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Spike-induced calcium signals and afterhyperpolarizations in neocortical pyramidal neurons



Spike-induced calcium signals and afterhyperpolarizations in neocortical pyramidal neurons



Society for Neuroscience Abstracts 27(1): 1004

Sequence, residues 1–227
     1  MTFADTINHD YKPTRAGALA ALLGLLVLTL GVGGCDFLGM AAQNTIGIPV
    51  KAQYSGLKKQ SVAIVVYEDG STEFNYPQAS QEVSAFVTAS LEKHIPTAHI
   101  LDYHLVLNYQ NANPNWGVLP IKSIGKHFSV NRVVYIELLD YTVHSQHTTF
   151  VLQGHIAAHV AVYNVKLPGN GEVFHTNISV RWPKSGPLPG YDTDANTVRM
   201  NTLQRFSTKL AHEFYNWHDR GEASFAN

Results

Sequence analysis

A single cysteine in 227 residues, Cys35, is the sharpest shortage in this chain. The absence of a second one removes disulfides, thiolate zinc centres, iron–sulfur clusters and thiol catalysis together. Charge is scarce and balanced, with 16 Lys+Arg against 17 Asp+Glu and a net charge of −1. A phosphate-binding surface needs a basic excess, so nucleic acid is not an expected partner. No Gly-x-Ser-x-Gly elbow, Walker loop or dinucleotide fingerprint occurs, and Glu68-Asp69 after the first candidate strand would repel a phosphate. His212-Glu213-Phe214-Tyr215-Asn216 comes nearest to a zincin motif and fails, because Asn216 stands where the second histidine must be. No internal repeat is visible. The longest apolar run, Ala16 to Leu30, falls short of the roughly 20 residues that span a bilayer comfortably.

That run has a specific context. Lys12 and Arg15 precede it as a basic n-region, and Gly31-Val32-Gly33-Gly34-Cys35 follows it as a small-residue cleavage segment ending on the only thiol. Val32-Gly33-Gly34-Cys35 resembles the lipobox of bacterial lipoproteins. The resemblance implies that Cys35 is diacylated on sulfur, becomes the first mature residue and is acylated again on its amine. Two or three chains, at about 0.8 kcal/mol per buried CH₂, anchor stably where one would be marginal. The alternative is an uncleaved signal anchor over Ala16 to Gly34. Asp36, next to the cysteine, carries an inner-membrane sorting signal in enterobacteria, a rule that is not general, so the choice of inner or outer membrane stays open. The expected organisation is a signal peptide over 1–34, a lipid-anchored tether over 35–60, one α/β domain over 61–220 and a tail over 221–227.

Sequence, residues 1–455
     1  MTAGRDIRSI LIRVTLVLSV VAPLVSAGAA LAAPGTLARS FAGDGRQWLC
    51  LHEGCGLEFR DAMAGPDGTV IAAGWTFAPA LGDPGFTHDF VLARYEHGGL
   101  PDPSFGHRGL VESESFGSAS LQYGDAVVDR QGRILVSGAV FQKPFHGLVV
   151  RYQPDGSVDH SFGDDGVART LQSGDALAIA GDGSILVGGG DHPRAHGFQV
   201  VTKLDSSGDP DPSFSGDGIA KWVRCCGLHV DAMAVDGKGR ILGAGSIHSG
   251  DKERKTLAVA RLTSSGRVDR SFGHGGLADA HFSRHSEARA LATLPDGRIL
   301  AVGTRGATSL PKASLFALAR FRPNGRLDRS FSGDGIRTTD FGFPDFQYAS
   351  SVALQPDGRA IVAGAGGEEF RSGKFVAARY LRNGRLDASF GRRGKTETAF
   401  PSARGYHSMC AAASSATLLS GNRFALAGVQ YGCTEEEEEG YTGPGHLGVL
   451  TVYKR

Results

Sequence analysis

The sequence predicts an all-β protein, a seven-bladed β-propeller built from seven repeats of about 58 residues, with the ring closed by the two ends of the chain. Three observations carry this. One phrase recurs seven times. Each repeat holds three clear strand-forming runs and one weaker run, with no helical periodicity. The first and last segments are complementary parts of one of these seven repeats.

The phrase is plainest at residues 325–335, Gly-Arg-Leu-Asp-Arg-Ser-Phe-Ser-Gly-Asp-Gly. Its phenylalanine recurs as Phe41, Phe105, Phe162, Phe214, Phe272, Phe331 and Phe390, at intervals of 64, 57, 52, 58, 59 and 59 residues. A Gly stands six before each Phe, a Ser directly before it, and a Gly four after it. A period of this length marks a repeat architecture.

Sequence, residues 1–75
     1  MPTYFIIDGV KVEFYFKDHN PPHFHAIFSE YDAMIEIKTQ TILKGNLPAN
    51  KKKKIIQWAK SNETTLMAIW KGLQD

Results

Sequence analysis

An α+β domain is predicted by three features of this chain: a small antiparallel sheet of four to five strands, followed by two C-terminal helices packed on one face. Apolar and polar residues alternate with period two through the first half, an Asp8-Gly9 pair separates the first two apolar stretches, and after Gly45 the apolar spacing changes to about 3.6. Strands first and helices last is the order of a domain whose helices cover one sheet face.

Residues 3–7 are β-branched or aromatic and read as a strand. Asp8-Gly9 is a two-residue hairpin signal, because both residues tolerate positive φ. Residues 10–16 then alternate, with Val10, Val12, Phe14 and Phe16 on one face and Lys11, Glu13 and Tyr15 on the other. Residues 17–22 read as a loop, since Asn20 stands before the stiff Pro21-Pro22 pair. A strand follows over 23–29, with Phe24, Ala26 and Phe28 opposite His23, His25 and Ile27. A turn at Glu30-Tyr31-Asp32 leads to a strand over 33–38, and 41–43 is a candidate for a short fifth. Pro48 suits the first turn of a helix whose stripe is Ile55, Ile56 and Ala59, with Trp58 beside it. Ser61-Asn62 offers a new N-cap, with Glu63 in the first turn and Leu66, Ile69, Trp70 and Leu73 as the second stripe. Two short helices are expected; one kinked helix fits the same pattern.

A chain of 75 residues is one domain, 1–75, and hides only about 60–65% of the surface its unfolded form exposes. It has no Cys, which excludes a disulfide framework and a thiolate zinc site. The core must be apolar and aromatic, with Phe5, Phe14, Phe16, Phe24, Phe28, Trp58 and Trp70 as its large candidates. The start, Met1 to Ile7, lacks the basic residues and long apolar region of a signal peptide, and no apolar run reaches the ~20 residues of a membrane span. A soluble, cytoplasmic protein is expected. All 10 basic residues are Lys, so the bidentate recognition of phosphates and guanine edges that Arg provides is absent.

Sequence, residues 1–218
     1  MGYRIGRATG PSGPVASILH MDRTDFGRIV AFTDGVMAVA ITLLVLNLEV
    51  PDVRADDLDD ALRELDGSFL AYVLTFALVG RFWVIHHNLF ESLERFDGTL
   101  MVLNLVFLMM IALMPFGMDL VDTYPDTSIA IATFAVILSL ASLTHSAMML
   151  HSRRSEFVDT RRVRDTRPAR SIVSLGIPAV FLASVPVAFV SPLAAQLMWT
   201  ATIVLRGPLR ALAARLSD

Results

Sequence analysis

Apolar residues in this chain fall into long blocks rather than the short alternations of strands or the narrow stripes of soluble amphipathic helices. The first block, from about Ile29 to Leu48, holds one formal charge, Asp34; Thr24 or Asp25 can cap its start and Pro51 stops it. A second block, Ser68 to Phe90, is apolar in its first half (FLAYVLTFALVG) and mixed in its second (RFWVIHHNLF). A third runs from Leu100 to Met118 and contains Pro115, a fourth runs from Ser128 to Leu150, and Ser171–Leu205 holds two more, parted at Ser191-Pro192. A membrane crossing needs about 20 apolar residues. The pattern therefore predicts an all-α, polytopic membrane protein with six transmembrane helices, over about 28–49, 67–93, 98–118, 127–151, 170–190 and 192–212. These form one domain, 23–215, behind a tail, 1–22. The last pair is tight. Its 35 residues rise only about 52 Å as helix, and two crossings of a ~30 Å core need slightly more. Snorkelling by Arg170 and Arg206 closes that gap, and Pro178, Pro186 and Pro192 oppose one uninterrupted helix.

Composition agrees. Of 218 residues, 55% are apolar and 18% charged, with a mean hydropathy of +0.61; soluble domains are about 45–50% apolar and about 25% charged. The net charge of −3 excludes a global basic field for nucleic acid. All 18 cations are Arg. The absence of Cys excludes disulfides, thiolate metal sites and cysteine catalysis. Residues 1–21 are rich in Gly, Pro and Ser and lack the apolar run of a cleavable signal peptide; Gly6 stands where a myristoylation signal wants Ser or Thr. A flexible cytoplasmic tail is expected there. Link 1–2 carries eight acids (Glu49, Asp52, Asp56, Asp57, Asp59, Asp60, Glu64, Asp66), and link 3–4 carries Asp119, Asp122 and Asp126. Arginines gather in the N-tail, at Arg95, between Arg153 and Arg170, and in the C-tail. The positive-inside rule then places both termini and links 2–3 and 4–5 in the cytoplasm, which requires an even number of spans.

In neocortical pyramidal cells, Ca2+ entry through voltage-gated channels during repetitive firing activates Ca2+-dependent K+ channels, resulting in an afterhyperpolarization (AHP) which is an important negative regulator of the cell's firing behavior (e.g., spike frequency adaption). This AHP consists of an apamin-sensitive medium component (mAHP) and an apamin-insensitive slow component (sAHP). These two AHP components differ in decay kinetics. The spike-induced build-up of (Ca2+)i may also serve to monitor the cell's activity and control cellular processes such as gene transcription. Using whole-cell patch recording from slices of rat somatosensory neocortex with simultaneous fura-2 Ca2+ imaging, we determined the relationships between (1) the frequency and number of spikes and the amplitudes of the mAHP and sAHP and (2) between the frequency and number of spikes and (Ca2+)i in soma and dendrites. The mAHP was present after one spike but the sAHP required several spikes to be measurable. Both AHPs increased in size with additional spikes until a plateau level was reached. We found that (Ca2+)i in the proximal dendrites reaches a steady-state plateau whose amplitude is dependent on spike frequency (cf., Helmchen et al. (1996) Biophys. J. 70:1069-1081). However, our data suggest that this relationship is exponential rather than linear. Finally, we compared the time course of (Ca2+)i decay with the time courses of the sAHP and mAHP to examine compartmentalization as a possible explanation for differences in kinetics between the two AHPs.

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